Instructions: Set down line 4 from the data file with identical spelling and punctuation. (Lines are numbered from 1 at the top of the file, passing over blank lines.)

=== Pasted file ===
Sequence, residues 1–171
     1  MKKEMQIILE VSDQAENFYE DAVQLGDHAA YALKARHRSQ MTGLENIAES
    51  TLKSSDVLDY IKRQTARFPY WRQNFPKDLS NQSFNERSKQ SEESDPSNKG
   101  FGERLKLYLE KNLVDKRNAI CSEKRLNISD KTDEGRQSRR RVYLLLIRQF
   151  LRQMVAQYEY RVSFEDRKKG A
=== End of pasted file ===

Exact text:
   101  FGERLKLYLE KNLVDKRNAI CSEKRLNISD KTDEGRQSRR RVYLLLIRQF